After becoming a smasher in 2015’s Gen Con and winning the Spiel des Jahres award in 2016, Codenames is now one of the most popular and successful tabletop games ever. Below, we will help you understand the differences between two versions of the game, Codenames vs Codenames Duet, so that you can decide which one that’s better for your peers.
Below, you can find out further about:
• The box content of each version of the game
• How to play Codenames and Codenames Duet
• The recommended number of players and minimum player age
• The fundamental differences of Codenames vs Codenames Duet
• Which version of the game that is the most suitable for you
Let’s start by taking a look at the original Codenames game which was designed by Vlaada Chvatil and released by Czech Games in 2015. It is essentially a social word-guessing game, in which players of the same time must work together to make the right guesses. See also: Gloomhaven vs Massive Darkness.
In this game, the players are split into two teams, red and blue. One player of each team must act as the spymaster, who is responsible for giving clues to his teammates about the whereabouts of their team’s secret agents. The other players are field operatives, who must guess the codenames of their team’s secret agents based on the spymaster’s clues. The first team to discover all of its secret agents wins the game.
It is the players’s best interest to play carefully so that they only pick up their team’s secret agents. Opening a card that turns out to be the opposing team’s secret agent will not only end their turn, but also giving an advantage to the opposing team. In addition, opening a card that turns out to be an assassin will automatically result in their team’s defeat.
One fundamental difference between Codenames vs Codenames Duet is the nature of the game. The original Codenames is competitive by nature. It has two teams that compete against each other. Meanwhile, Codenames Duet is a cooperative game, as you will see below.
The box of the original Codenames game looks rather plain and simple. It is colored in gradations of purple and orange. You can find a short description and guide on the back of the box. The box itself includes:
• 8 blue agent cards
• 8 red agent cards
• 1 double agent card
• 1 assassin card
• 7 innocent bystander cards
• 40 key cards
• 1 timer
• 1 card stand
• 200 cards with 400 codenames
• 1 rulebook
Codenames: How To Play
Now, we will see the more detailed gameplay of Codenames. Before we can play the game, there are some things that need to be set up first. First of all, you need at least four players who split into two teams. Try to balance the teams’s sizes and skill levels.
Each team must choose a player to become their spymaster. The spymasters of both teams sit on one side of the table. The rest of the players, or the field operatives, are supposed to sit across their spymasters.
Then, you need to shuffle the codename cards. Pick 25 codenames randomly and put them in a 5×5 grid. Next, prepare the key on the spymasters’s side. This key will reveal the secret identities behind the cards on the table. Only the spymasters may see this key. The spymasters must choose a key card randomly and place it into the card stand without being seen by the field operatives.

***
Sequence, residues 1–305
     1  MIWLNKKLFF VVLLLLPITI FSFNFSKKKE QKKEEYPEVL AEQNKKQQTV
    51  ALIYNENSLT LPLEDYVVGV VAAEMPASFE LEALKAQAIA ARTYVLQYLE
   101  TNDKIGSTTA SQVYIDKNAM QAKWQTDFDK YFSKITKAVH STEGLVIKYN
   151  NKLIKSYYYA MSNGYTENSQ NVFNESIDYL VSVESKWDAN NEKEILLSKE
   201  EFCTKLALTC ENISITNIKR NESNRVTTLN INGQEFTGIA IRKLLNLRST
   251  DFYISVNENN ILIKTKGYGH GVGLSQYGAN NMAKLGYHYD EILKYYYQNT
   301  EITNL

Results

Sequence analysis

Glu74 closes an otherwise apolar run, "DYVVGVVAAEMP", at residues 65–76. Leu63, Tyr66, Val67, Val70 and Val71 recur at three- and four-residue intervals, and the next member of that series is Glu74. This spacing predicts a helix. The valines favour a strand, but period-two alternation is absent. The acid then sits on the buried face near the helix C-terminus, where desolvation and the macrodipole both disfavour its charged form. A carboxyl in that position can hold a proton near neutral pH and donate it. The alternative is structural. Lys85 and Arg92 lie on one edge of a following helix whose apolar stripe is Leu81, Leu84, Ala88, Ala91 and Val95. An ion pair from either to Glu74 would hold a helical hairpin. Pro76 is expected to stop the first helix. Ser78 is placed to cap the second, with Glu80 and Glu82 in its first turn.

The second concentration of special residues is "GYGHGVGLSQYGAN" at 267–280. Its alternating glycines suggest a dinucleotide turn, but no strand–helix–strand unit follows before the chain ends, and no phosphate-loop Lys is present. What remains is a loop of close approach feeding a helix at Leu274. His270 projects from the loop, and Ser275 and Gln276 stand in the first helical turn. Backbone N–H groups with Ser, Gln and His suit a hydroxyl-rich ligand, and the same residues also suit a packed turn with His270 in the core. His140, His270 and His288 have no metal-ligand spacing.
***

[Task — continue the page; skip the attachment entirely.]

The key card corresponds to the 5×5 grid on the table. There are blue squares, which represent blue agents that the blue team must guess, and red squares, which represent red agents that the red team must guess. There are also pale squares, which represent innocent bystanders, and a black square which represent the assassin.
Every key card also has four lights on its edges. The color of the lights indicates the team that starts first. Usually, the starting team has 9 words that they have to guess, whereas the other team has 8. The blue agent cards must be put in a stack in front of the blue spymaster, likewise for the red spymaster.
The double agent card will act as a fill-in for the starting team, which has one more word to guess. The innocent bystander cards and the assassin card are put in-between the spymasters so that they can be accessed easily.
The starting team’s spymaster may give one word as a clue for their field operatives, followed by a number. The clue word can be chosen freely as long as it doesn’t belong to any card on the table. The clue word may relate to multiple cards. Meanwhile, the number indicates how many secret agents that are related to the clue word. For example, “sweet, 2” means that there are two agents whose codenames are related to the word “sweet”.
Afterwards, the field operatives must guess which word(s) on the table that are their team’s secret agents. After a field operative chooses a word, the spymaster reveals the chosen card’s identity by placing an identity card (secret agent, innocent bystander, or assassin) on its place.
If it is their team’s secret agent, they may continue guessing. If it is an innocent bystander or an opponent’s secret agent, the turn goes to the other team. If it is an assassin, the team loses. You win when you have discovered all of your secret agents.
Codenames: Players and Game Length
If we compare Codenames vs Codenames Duet, the original may seem to be smaller because it has fewer pieces in its box. However, the average game length actually doesn’t differ much from the cooperative version. One game can last for about 15 minutes on average.